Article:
• Serotonin is involved in mood, regulation of arousal and converts into melatonin. The biosynthesis starts with the amino acid Tryptophan where is converted into 5-hydroxytrytophan (5-HTP) using the cofactors iron, folate, vitamin B3, Vitamin C and Vitamin D. 5-HTP is then further synthesised into Serotonin using B6.
• Melatonin is required for the regulation of circadian synthesis promotes sleep and up regulates GABA receptor complex. A deficiency in Melatonin has been linked to insomnia, headaches, fibromyalgia and anxiety. The cofactors of Melatonin are iron, Vitamin B3, Vitamin B6, Vitamin C and folate.
• Acetylcholine is important for the parasympathetic nervous system which is also known as ‘rest and digest’. Acetylcholine is also important for the maintenance of REM sleep, memory, learning and attention span. Deficiency sign include light sleeping and poor sleep initiation. Cofactors needed for its production are Acetyl-L-carnitine, choline, B1, B5, B12 and folate.
• GABA is the main inhibitory neurotransmitter that is needed for sleep maintenance. Deficiency signs include insomnia, anxiety, panic attacks and alcohol cravings. Cofactors include glutamine, taurine, Zinc and B6.
Obtaining these cofactors through a healthy diet is essential to promote a rejuvenated sleep. Eating nutrient dense foods such as vegetables, fruits, nuts and seeds will optimise nutrient status. Amino acids which are the building blocks in our body also play an essential role in the biosynthesis of neurotransmitters. Eating good quality organic meats, eggs, and fish can supply your body with correct amino acid profile for restorative sleep.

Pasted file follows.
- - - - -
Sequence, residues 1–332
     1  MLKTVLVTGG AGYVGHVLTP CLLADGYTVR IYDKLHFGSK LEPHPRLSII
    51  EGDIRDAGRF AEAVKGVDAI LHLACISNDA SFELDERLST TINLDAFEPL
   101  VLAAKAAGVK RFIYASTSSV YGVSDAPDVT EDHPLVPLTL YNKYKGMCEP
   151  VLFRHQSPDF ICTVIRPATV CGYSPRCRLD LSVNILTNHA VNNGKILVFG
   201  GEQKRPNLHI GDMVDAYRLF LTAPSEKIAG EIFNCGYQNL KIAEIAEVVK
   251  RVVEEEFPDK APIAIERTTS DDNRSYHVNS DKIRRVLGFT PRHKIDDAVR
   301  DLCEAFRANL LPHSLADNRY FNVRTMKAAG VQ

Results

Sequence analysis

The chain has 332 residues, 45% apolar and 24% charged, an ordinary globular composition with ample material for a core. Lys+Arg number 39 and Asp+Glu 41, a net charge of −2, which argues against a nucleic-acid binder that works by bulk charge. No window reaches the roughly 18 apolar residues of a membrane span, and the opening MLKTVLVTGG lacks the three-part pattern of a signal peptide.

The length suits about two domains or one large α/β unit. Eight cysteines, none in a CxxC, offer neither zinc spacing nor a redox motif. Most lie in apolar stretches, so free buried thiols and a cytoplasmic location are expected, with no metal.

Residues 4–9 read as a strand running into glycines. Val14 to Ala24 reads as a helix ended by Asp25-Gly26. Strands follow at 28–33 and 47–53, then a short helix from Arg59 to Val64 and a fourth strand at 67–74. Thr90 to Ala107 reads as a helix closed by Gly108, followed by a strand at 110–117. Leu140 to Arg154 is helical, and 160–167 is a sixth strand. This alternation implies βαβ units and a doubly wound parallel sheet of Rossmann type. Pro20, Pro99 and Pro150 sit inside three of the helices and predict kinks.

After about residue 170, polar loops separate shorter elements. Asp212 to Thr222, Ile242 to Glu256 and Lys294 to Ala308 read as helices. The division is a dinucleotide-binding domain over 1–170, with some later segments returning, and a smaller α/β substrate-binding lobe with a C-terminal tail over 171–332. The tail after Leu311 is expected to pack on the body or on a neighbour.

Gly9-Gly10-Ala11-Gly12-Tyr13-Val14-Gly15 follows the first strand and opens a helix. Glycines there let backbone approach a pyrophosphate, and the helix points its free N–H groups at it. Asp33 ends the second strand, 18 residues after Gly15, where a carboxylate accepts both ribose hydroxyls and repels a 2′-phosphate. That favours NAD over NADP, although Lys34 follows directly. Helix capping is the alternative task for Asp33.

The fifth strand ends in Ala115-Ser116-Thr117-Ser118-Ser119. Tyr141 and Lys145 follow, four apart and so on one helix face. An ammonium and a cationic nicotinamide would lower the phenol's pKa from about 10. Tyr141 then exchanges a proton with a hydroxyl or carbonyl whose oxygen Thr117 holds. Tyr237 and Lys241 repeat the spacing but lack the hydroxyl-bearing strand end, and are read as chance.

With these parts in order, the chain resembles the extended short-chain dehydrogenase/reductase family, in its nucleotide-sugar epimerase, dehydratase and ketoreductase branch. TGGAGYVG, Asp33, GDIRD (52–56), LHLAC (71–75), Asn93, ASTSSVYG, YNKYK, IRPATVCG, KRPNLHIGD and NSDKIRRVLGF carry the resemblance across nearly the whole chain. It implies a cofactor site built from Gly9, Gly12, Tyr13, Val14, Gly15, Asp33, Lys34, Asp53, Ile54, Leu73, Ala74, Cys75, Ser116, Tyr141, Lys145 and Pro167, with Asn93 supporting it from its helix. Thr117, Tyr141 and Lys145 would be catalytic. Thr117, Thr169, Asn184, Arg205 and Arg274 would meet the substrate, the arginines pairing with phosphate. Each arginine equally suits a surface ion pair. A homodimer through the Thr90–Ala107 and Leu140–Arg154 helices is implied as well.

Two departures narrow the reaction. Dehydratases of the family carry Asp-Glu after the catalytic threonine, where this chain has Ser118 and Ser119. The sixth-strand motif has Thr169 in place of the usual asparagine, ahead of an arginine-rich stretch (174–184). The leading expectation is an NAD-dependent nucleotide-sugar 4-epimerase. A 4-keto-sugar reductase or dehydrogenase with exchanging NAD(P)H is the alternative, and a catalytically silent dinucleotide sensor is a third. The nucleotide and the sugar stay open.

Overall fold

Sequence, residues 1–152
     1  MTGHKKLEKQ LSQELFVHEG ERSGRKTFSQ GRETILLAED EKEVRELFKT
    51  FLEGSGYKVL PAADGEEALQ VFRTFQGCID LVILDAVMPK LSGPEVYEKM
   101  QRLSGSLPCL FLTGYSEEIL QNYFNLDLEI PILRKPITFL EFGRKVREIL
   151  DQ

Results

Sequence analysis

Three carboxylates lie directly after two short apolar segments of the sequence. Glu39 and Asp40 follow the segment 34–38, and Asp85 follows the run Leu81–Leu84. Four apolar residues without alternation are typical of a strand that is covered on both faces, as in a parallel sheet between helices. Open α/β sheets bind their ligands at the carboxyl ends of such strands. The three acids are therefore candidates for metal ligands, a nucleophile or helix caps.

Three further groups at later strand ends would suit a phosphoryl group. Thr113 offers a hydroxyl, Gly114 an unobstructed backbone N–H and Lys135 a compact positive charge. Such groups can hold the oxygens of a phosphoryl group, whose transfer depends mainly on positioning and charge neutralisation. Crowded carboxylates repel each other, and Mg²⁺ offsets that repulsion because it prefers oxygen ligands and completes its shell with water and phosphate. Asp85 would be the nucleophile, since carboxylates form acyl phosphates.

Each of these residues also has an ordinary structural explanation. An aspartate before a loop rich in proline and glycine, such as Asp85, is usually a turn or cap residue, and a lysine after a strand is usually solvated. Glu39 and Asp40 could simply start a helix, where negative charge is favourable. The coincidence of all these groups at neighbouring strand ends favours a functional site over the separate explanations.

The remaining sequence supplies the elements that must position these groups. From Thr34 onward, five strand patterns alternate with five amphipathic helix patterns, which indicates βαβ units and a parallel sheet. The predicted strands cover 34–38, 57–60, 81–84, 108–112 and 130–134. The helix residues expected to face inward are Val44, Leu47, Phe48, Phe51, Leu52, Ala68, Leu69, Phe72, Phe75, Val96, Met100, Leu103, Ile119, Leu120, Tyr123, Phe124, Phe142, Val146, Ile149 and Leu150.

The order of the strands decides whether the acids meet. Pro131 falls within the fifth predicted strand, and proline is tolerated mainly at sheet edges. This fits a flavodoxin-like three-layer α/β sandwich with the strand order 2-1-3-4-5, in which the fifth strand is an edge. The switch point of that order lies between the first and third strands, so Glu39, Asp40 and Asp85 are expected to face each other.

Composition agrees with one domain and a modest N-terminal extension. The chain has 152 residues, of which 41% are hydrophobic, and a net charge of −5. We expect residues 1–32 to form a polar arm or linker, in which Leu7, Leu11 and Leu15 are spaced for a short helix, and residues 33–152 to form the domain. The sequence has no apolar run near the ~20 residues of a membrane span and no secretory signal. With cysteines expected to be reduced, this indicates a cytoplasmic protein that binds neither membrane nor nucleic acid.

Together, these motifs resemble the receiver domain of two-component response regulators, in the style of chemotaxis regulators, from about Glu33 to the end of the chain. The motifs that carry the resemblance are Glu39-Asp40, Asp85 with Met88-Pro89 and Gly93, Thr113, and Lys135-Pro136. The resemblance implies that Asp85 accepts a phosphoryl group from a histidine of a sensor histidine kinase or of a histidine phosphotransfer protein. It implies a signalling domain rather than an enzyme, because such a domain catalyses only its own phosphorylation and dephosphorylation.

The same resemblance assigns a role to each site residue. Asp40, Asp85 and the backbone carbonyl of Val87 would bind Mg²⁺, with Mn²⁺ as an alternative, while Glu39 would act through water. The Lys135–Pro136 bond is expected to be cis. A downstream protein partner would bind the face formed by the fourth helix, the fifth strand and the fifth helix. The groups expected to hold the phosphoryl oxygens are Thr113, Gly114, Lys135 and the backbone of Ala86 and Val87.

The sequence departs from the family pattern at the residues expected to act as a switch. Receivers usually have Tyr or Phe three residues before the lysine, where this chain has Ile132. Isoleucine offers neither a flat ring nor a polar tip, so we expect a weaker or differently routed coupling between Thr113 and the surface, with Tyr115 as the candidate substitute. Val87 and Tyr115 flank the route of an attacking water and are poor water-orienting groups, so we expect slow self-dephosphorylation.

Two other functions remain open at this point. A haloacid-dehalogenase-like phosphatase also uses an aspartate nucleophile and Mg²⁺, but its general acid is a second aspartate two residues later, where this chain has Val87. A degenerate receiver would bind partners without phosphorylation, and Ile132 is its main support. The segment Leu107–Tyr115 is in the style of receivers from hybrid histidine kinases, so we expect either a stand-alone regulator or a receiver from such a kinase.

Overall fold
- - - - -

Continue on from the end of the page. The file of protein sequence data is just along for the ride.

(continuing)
Due to farming practices, processing and shelf life of the foods we eat today, obtaining the correct amounts of vitamins and minerals can sometimes be unreliable and therefore taking a supplement can be beneficial. ATP Multifood is the perfect supplement that contains bioavailable, natural forms of vitamins and minerals from plant sources which can improve your sleep dramatically. These naturally occurring vitamins and minerals go to work straight into the pathways to promote not only the neurotransmitters needed for production, but enzymatic pathways needed for energy and increased performance.
Herbs that offer an anxiolytic and apoptogenic action can offer immense support to reduce high cortisol levels to allow the body to become para-sympathetic dominant (rest and digest) when it is in a sympathetic (fight or flight) mode. Some of the most powerful herbs available are:
1. Withania somnifera has been traditionally used in Ayurvedic medicine as a remedy for debility, stress, nervous exhaustion, insomnia, loss of memory and to enhance cognitive functioning. GABA is the most important inhibitory neurotransmitter in the central nervous system and is involved in a variety of physiological and pathological processes such as sleep, mood, anxiety, epilepsy and cognitive disorders (iii)